A coalition of organisations and experts working with these vulnerable groups have sent letters to the Conservative, Labour, Liberal Democrats, Green, Scottish National Party and Plaid Cymru parties, to raise concerns about the impact the Illegal Migration Bill will have on victims of SGBV seeking refuge in the UK and calling for parties to commit to protecting survivors in their manifestos.
Under the new law, for example, migrant survivors would be excluded from the National Referral Mechanism and the asylum system.
In the letter, experts call on the parties to rethink the Illegal Migration Bill, which is receiving its third reading in the House of Commons on Wednesday 26th April, saying that - in its current form, the Bill would drive migrant victims of SGBV into the hands of traffickers and criminal gangs where they are likely to be exploited and put in further danger.
The signatories include representatives from the University of Birmingham, JustRight Scotland, Freedom from Torture, British Red Cross, Doctors of the World, Women’s Aid, Southall Black Sisters, and other organisations working to fight violence against women and girls.
The topic of immigration and asylum system is not a political football to be used to score points against opponents. It impacts real people every day causing additional harm to those it should be protecting.Professor Jenny Phillimore, Department of Social Policy, Sociology and Criminology
Professor Jenny Phillimore, who leads the SEREDA Project, which examines SGBV experienced by refugees from displacement to arrival, said: “It is now well known that the British migration and asylum system is broken and unable to serve the public or protect and support some of the most vulnerable people in need of refuge and safety. Victims of sexual and gender-based violence, most of whom are women and children, are being failed by the system and are facing danger every step of the way. But it is within our politician’s gift to change that.
“That is why, today, we are calling for all political parties to include pledges to make desperately needed improvements to the Illegal Immigration Bill and the migration and asylum systems in their 2024 manifestos. The topic of immigration and asylum system is not a political football to be used to score points against opponents. It impacts real people every day causing additional harm to those it should be protecting.”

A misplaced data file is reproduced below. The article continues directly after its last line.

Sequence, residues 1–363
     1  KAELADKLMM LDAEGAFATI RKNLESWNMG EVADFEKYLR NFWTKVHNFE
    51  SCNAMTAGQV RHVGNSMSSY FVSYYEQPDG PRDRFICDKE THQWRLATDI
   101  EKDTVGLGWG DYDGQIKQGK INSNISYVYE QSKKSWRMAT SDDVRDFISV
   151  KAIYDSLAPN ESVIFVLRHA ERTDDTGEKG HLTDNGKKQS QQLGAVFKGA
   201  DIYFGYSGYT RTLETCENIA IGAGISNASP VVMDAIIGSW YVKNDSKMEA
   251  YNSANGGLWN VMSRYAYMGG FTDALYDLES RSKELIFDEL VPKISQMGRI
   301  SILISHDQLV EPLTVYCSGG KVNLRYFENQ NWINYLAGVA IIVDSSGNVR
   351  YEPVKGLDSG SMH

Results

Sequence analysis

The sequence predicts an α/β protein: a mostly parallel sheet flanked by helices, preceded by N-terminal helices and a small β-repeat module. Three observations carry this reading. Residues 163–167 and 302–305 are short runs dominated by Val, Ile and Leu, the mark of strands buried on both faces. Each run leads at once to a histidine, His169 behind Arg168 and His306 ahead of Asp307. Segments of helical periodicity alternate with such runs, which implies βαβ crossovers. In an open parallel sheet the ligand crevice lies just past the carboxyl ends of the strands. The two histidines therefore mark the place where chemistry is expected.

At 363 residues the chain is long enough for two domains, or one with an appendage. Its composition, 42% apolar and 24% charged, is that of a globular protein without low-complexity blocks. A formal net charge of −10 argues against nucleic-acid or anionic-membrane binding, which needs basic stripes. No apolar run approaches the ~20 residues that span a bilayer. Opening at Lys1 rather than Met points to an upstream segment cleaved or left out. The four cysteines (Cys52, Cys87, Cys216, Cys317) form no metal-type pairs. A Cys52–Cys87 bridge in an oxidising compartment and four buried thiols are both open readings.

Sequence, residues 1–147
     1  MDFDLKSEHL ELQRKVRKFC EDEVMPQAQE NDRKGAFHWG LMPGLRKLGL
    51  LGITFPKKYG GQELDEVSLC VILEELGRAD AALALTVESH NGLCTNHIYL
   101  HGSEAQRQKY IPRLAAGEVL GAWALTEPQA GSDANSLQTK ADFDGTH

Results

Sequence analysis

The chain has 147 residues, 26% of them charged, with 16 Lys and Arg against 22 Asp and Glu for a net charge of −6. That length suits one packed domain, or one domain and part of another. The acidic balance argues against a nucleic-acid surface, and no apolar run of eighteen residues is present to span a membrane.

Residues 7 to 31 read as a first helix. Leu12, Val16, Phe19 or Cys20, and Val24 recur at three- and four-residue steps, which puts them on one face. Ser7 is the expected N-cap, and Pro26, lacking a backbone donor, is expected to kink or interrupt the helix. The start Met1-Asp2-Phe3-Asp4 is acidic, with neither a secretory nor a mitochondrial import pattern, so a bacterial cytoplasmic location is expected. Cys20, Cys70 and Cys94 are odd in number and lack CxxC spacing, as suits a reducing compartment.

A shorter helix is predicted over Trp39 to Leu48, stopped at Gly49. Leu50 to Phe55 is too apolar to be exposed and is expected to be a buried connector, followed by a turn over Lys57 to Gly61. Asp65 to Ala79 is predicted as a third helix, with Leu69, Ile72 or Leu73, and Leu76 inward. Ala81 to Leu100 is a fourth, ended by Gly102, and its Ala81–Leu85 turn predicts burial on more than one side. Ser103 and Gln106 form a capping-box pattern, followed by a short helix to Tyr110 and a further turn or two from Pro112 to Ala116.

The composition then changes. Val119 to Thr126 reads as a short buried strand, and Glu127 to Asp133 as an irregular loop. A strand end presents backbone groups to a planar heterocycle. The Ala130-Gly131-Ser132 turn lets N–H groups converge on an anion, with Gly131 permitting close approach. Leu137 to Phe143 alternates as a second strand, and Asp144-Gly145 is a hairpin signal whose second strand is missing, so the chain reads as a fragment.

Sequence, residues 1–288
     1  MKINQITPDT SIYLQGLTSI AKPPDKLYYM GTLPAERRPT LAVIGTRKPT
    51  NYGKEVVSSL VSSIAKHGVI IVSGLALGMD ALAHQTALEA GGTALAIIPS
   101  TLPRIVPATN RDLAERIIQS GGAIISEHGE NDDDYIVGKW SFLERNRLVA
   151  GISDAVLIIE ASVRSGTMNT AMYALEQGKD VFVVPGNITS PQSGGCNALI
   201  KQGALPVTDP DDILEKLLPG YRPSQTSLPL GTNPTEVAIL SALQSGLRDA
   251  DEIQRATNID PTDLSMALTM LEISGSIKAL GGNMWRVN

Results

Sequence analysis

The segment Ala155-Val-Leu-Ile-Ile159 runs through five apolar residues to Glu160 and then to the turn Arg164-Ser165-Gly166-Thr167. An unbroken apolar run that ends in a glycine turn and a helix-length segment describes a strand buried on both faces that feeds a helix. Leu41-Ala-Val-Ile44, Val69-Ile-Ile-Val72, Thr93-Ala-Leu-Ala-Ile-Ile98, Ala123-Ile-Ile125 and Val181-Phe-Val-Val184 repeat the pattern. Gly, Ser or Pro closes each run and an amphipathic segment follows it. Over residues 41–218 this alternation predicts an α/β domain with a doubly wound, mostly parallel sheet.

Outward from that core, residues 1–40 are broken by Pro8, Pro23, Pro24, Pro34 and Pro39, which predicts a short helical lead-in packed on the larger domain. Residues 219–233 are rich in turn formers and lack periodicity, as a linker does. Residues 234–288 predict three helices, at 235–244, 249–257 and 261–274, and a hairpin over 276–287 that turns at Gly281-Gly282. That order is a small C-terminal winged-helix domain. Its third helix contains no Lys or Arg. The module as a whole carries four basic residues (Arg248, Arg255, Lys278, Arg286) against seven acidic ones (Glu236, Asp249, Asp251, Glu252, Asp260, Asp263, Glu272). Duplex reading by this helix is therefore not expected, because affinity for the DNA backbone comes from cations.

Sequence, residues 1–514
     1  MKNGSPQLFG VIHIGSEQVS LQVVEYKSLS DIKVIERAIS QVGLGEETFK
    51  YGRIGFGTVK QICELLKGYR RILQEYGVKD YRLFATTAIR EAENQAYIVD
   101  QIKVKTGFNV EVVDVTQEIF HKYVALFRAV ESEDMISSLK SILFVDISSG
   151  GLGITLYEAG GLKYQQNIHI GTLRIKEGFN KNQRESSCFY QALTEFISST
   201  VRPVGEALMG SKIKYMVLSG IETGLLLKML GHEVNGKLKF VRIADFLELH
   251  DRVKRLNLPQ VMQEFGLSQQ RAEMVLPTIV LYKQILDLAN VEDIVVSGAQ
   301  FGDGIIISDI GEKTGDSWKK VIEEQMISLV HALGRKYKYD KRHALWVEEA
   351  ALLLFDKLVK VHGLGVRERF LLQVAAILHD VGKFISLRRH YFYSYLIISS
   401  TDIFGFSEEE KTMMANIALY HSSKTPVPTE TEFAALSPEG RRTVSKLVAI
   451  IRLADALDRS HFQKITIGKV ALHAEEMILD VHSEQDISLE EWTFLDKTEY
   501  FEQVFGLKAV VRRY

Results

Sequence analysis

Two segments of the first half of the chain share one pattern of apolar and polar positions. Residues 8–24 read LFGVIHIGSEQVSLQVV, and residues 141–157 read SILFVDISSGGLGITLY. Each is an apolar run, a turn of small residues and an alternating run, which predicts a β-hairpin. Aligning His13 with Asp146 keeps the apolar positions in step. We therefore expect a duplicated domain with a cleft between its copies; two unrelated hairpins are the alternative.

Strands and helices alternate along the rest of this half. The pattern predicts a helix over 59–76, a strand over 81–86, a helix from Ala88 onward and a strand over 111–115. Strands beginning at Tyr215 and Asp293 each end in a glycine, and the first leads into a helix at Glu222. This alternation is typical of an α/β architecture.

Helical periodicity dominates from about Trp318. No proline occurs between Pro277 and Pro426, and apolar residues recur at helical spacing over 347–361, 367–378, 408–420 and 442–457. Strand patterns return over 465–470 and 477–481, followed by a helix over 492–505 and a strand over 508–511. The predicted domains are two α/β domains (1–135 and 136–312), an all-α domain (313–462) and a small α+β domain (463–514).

Citing research from the SEREDA project at the University of Birmingham, the letter sets out five pledges for politicians to include in their 2024 manifestos.
- Commit to revising, proposals in the Illegal Migration Bill that renege on protections for forced migrants, replacing these policies with an asylum system that is compassionate, fair and effective.
- Commit to systems to better inform forced migrant survivors of their rights, entitlements, and protections under UK law.
- Commit to increase funding for specialist services for forced migrant survivors of SGBV run by ‘for and by’ organisations.
- Establish firewall or system of secure reporting to make it safer for forced migrant survivors of SGBV with insecure immigration status to report crimes and abolish NRPF.
- Commit to extending the Destitution Domestic Violence Concession from 3 to 6 months and extend the Domestic Violence Rule to allow all partners (including unmarried partners) experiencing Domestic Abuse to apply for Indefinite Leave to Remain.
Sabrina Galella, Policy Officer at JustRight Scotland said: “The Illegal Migration Bill is effectively an asylum ban – it will protect traffickers and punish survivors. If passed, it will remove existing protections for victims of forced migration and sexual and gender-based violence. This Bill will undoubtedly trap countless victims of modern slavery and human trafficking into indefinite exploitation by denying them the right to say they are a victim of crime. It will prevent victims from accessing mechanisms of safety through which people can escape exploitation.
“This Bill is unworkable - it will only cause suffering and put further lives at risk. We urge all political parties to sign our pledge and to work towards more humane and practical solutions to support people when they need it most.”